“Goals” are like “New Year’s resolutions”…frequently made but rarely accomplished.
If you struggle to achieve your goals, my good friend Bill Bartmann, the author of “Bailout Riches” and once named by Inc. magazine as “The Billionaire Nobody Knows” gave me an awesome tip to trick your mind into accomplishing exactly what you want to, every single time.
“Don’t think of your goals as goals.”
Are you scratching your head right now? I know I sure was. Until I saw the white elephant sitting in the room…
In our society most people describe a goal as “a lofty ambition,” something to “shoot for,” something to “strive for,” or something to “work towards”…
Nothing wrong with with any of that is there?
As long as you don’t care about your goal that much, it’s perfectly fine…
You see the descriptions we give the the word “goal” implies your objective will be difficult to achieve. There is a subtle undertone crafted by the implicit meaning of your words telling you it’s just as likely you won’t achieve your ultimate goal, as it is that you will make it happen.
Too often this gives you an excuse making it okay (or at least forgivable) if you fail meaning the word “goal” by popular definition actually conditions you for failure.
Here’s how it works.
You start out “shooting for a goal,” wanting to hit it, but you also know by the sheer definition of the word it probably isn’t going to happen. Unfortunately opening this door to the possibility it might not be achieved, works against you, weakening your power to manifest the “impossible”.
But that’s not the worst part…
Even if you hit your goals 90 percent or more of the time (which would be incredible), you’d still be failing 10% of the time, right?
Even if you gave a more realistic reply, you’d only probably say you hit your goals 60-70% of the time, which means you’re failing 30-40% of the time!
How confident of success or how much momentum do you think you can give when you’re “trying” to do something you’ve previously failed at a rate of 30 – 40% of the time?
But what is the success rate for keeping a promise when you “promise” to do something?
I bet it’s a higher percentage than the “goals” you’ve set to achieve because promises are protected by your morals, beliefs and overall value system. Even at a subconscious level, this system to honor promises makes them much more important in our minds than a goal for three basic reasons.
Three very distinct reasons why a promise means more to YOU than a goal:
#1 A Promise Has Emotional Attachment
A promise carries a much deeper sense of responsibility to the person to whom it is made—whether to yourself or someone else. With these feelings, a promise also carries a higher emotional attachment.
When you make a promise, your emotions are involved. Because of the emotional attachment, the file clerk in our mind will now give this promise an immediate priority filing in the filing cabinet.
2. A Promise Has A History Of Success
Our mind recognizes that you have a history of success when it comes to making promises. It knows you’ve historically achieved an exceptionally high success rate of nearly 100 percent in many cases and strives to maintain this momentum.
Based on this history your subconscious assumes you can and will keep this promise. Rather than being preconditioned for failure based on past performance, your mind is preconditioned for success because it knows it’s more than capable of keeping a promise.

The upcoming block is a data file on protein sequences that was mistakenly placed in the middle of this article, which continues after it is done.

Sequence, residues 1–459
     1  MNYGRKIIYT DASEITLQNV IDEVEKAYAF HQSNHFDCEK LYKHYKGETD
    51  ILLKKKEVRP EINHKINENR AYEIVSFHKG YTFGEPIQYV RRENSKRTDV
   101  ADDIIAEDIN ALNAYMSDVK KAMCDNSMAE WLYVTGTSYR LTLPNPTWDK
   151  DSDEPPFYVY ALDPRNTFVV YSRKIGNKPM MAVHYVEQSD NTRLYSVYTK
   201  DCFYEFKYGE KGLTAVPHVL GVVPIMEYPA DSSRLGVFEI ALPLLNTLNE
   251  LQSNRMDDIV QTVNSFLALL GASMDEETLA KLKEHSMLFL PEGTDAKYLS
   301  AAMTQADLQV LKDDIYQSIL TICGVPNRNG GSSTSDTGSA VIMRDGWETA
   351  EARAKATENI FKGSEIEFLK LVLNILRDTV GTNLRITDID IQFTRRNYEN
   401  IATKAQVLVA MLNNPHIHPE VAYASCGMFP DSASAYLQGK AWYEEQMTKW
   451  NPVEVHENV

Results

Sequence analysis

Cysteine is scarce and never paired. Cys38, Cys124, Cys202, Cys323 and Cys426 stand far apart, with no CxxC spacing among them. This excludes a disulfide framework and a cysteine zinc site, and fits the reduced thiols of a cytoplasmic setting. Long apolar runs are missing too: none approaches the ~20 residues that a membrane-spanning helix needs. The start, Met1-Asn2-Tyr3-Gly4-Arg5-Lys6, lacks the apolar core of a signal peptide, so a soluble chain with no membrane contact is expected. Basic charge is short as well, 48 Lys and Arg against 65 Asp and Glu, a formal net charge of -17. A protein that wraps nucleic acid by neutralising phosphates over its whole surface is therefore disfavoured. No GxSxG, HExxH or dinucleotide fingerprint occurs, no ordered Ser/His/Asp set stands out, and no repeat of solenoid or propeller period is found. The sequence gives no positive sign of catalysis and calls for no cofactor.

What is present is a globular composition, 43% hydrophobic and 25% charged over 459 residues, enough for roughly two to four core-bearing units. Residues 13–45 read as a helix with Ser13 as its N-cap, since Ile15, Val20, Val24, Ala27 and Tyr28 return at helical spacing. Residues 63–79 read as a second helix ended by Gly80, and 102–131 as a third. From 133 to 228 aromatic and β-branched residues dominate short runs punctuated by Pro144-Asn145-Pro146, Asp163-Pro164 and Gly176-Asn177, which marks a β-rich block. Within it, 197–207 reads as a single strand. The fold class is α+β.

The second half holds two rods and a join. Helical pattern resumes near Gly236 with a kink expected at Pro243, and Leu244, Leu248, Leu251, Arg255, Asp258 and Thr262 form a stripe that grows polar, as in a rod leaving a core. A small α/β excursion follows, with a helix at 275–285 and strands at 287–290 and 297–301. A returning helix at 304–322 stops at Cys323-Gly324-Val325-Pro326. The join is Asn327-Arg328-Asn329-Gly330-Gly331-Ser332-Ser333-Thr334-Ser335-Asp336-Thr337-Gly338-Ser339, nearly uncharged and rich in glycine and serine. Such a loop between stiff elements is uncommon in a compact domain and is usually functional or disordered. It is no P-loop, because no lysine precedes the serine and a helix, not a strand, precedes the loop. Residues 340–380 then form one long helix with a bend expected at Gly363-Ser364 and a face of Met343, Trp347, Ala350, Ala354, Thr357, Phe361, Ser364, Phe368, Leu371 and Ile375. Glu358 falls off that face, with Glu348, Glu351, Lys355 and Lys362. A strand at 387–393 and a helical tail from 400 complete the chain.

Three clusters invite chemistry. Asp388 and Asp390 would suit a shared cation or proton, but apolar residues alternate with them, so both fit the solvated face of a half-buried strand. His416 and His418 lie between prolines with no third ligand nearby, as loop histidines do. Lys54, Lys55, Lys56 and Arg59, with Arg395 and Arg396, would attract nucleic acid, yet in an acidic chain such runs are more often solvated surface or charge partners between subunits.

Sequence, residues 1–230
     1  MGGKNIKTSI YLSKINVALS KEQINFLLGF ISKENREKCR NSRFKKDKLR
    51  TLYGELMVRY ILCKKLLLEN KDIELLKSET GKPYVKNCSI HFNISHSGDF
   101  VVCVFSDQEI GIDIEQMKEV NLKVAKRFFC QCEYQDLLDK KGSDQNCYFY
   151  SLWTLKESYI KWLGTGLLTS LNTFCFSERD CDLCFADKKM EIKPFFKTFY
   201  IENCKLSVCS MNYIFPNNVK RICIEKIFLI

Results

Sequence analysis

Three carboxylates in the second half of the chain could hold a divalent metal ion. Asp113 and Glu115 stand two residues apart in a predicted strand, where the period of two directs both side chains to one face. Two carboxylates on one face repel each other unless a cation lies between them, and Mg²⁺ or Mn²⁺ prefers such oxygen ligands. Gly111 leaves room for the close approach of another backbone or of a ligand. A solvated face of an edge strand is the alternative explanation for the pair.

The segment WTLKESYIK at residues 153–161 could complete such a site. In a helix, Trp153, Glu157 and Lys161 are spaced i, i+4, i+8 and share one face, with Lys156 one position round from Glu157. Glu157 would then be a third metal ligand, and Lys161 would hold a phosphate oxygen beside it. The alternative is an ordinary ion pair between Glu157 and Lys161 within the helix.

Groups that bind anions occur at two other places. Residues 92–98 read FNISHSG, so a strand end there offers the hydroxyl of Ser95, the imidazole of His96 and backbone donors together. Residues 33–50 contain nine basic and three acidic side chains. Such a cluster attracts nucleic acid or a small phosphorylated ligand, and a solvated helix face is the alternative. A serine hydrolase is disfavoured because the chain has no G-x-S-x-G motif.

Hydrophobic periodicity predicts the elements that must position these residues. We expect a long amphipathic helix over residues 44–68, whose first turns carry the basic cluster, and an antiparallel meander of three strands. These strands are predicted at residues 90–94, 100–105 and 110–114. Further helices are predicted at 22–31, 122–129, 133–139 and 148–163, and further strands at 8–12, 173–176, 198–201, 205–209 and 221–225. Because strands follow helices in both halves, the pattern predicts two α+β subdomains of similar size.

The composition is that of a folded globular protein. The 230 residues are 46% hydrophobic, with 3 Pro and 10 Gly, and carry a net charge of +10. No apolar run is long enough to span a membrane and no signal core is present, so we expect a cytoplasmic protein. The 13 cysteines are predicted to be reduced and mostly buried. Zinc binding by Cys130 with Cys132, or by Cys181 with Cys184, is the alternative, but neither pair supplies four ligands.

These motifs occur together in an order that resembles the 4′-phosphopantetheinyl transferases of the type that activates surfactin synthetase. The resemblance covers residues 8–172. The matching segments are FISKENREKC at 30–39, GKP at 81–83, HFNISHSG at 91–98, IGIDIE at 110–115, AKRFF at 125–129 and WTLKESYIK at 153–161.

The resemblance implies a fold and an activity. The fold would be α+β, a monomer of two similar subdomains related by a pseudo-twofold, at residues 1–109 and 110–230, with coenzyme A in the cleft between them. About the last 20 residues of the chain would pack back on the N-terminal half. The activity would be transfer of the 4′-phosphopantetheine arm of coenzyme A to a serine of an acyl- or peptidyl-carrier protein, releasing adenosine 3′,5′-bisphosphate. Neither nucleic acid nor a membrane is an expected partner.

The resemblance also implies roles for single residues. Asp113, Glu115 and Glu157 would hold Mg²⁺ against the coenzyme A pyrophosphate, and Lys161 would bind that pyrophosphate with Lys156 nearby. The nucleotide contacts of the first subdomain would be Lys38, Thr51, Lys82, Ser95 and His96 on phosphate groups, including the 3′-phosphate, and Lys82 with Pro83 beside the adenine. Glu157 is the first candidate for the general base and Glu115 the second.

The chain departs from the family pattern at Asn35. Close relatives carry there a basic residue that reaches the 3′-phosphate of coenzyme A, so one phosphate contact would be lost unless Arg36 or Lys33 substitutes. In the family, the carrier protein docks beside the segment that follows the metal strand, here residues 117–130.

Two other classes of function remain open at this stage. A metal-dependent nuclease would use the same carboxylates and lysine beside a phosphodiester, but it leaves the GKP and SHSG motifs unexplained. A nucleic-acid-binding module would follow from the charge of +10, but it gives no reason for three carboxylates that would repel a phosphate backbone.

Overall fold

These prior successes carry a positive emotional attachment from how it felt when you did what you promised you were going to do. Your file clerk recorded this data in your file cabinet as a positive emotional reaction, working hard to keep your promises so you can feel “good”.
3. A Promise Triggers Your Subconscious Mind To Set You Up For Success
By limiting your level of achievement to just Goal setting you are turning your subconscious into an “overprotective parent”. A parent who is contstantly attempting to talk you out of taking any risk, for fear you might fail.
It actually works against your goals convincing you that you don’t have time for lofty dreams, quietly making it ok to “forget” about them.
But when you set a promise, the opposite happens.
Your subconscious mind switches from the role of “overprotective parent”, attempting to talk you out of your goal to the role of “helpful parent” who is going to clear the path and make it easy to achieve success!
Think of the difference between setting a “goal” to quit smoking and “promising” someone you love you’ll quit smoking.
If you’ve set a “goal” to quit smoking, it’s of little consequence to anyone but yourself you failed to achieve this “goal.” However, if you have “promised” someone you love you were going to quit and then later resumed smoking, you’d be afraid or embarrassed to admit you failed to keep your promise to your loved one, wouldn’t you?
Failing to keep a promise leads to an emotional reaction of shame, embarrassment, or disappointment. Your subconscious mind avoids these feelings of failure or suffering at all costs because its job is to keep you from suffering any of those things.
In fact, its sole purpose is self-preservation.
This subconscious need for “self-survival” is exactly what forces it to helps you keep your promise like a “helpful parent”. The part of you feeling almost as if you’ll die if you don’t keep your word is comforted as you move towards keeping your promise.
By changing the way you think about the process, you’ve just increased your likelihood of success by a huge margin. You’ll still have some work to do, but now you’re positioned for success. And most importantly we now you have an easy way get your subconscious work for you, not against you.